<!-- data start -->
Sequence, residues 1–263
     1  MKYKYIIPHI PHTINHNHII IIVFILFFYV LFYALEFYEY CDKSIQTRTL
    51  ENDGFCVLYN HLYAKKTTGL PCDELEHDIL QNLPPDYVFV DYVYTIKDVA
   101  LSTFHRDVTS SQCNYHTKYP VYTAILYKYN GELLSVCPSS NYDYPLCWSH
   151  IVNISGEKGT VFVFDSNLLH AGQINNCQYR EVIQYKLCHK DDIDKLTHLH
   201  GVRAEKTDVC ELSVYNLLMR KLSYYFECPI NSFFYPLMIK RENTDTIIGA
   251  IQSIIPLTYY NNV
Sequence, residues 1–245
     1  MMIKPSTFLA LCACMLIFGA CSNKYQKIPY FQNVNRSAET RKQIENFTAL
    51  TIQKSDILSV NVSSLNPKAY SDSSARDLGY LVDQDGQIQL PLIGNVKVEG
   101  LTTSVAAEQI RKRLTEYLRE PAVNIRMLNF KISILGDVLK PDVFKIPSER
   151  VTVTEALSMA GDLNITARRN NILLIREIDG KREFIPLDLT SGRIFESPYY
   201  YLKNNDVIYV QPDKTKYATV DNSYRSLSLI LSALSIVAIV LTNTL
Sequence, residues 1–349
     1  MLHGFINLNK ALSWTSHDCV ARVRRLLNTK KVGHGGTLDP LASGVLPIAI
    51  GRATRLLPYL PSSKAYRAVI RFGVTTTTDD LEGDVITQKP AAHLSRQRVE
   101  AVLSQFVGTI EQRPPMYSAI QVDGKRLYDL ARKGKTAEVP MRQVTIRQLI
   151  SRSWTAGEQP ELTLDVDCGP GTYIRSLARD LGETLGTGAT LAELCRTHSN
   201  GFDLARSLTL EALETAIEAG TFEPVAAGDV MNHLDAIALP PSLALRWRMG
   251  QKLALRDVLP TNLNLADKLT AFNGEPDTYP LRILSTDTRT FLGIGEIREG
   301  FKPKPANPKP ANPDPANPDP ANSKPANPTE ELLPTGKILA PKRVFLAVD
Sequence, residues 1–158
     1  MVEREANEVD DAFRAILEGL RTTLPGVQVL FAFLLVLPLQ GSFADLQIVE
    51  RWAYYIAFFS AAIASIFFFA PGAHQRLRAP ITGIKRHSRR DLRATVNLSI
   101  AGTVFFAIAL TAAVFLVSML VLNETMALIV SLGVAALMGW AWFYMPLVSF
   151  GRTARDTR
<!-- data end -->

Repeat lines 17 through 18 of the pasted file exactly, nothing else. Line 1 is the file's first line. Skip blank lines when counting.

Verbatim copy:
   101  AVLSQFVGTI EQRPPMYSAI QVDGKRLYDL ARKGKTAEVP MRQVTIRQLI
   151  SRSWTAGEQP ELTLDVDCGP GTYIRSLARD LGETLGTGAT LAELCRTHSN